Agri Business

S. Indian rice exporters urge Govt to resume export of non-basmati rice soon

Our Bureau New Delhi | Updated on February 26, 2011 Published on February 26, 2011

A worker feels fresh milled rice. File Photo - P. V. SIVAKUMAR   -  Business Line



The South India Rice Exporters Association has urged the Government to expedite the partial lifting of ban on export of premium non-basmati rice varieties. In a communication to the Ministry of Commerce and Industry, the association has forwarded a set of suggestions to ensure that export of varieties such as Ponni, Rose matta and Sona masuri rice is allowed without further delay, as exporters are sustaining heavy losses over the protracted ban that has been in place since April 2008, when the trade was exporting two lakh tonnes annually. The association has expressed concern over the announcement of modalities for exporting 1.5 lakh tonnes of premium non-basmati rice at a minimum export price of $850 a tonne decided a couple of weeks ago by a Group of Ministers.

The association said it is crucial to monitor the quality of rice being exported as these were speciality varieties from the South. For this, the maximum length of the grain must be fixed as 5.5 mm for reference. This would ensure that other common rice varieties do not get exported from our shores. As for matta rice, it is easily identified by its red colour. Again, as the premium varieties of non-basmati rice are grown only in South India, and shipped only from Chennai and Cochin ports, port restrictions would let the exporters ship just the premium ones. This is also in line with the Government's policy of shipping basmati rice only from the North Indian ports, it said.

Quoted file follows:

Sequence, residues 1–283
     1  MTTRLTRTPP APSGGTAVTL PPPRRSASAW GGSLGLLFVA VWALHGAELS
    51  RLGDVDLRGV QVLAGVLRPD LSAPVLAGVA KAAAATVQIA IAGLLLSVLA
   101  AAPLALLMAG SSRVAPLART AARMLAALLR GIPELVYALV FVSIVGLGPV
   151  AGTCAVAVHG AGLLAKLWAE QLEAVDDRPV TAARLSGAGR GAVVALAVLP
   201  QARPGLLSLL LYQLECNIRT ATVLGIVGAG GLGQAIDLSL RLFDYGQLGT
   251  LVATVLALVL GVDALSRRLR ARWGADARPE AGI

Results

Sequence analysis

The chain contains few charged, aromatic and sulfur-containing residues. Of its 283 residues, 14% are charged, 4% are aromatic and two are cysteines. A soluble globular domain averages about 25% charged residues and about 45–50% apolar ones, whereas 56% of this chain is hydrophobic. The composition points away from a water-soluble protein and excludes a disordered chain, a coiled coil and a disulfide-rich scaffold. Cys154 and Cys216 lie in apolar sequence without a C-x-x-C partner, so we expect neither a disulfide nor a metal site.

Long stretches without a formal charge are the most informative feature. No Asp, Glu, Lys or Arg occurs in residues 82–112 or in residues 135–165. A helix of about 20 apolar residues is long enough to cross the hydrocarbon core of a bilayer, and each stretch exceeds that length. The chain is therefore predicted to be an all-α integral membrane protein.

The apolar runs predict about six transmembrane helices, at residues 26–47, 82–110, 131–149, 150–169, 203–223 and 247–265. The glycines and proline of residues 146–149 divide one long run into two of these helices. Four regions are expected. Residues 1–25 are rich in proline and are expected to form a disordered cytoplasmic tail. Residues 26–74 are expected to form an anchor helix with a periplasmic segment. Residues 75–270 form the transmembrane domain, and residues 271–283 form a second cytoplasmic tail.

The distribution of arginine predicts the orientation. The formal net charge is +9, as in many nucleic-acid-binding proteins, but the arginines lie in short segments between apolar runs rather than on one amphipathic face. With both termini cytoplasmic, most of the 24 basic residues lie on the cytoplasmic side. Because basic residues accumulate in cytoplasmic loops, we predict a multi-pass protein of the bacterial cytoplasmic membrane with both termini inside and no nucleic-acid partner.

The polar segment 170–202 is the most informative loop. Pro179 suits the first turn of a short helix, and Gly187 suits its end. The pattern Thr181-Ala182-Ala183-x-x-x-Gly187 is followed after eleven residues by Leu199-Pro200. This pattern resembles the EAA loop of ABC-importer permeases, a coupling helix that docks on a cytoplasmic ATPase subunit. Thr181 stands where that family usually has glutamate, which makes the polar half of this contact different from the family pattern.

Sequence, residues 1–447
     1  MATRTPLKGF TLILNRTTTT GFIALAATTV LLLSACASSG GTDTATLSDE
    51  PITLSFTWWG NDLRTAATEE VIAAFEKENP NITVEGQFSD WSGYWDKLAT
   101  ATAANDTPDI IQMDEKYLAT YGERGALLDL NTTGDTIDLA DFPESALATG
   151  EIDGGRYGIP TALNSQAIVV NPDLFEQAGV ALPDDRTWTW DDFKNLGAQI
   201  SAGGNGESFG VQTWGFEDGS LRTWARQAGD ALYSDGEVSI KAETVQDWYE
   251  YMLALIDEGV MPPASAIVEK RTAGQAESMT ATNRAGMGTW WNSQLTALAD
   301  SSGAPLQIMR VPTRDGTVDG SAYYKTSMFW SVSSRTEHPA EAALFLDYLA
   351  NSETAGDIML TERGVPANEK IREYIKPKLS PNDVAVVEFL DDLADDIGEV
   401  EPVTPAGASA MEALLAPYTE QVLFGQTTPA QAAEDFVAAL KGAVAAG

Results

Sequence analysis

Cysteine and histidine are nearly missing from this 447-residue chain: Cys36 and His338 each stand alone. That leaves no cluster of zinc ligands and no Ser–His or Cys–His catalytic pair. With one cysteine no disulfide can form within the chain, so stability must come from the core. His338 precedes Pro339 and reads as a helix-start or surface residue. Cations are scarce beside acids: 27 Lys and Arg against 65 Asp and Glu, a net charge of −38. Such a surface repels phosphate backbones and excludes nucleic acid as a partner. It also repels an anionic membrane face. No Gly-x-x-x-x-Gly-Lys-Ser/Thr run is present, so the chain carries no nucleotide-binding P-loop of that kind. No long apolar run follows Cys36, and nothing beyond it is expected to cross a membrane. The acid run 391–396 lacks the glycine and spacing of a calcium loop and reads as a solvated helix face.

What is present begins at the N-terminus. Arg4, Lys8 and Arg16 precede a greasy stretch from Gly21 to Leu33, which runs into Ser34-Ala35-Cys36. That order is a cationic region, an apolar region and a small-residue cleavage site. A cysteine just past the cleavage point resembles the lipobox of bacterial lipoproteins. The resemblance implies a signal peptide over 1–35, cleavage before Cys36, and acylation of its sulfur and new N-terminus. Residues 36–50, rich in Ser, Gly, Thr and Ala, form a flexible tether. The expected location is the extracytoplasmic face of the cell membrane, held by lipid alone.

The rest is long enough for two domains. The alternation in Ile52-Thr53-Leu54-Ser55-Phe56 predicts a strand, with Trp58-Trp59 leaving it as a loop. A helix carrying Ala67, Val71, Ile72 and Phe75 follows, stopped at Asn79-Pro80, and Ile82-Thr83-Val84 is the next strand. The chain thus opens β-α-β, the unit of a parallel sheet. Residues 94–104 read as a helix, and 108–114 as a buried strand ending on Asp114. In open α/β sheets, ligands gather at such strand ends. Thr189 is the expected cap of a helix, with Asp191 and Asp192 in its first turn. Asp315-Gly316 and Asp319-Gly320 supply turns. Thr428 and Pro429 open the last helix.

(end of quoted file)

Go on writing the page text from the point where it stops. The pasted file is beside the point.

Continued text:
Stating that the cargo should be shipped in container only rather than break-bulk, it said this way it would avoid the export of common rice varieties, and ensure the export of premium non-basmati rice only.

Further, it said, most of the premium non-basmati is packed and exported in consumer-packs of one, two and five kg only. So, if packing restrictions are imposed, it would ensure the export of only quality rice, as packing other common varieties is impracticable because of its cost.

>geeyes@thehindu.co.in

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Published on February 26, 2011
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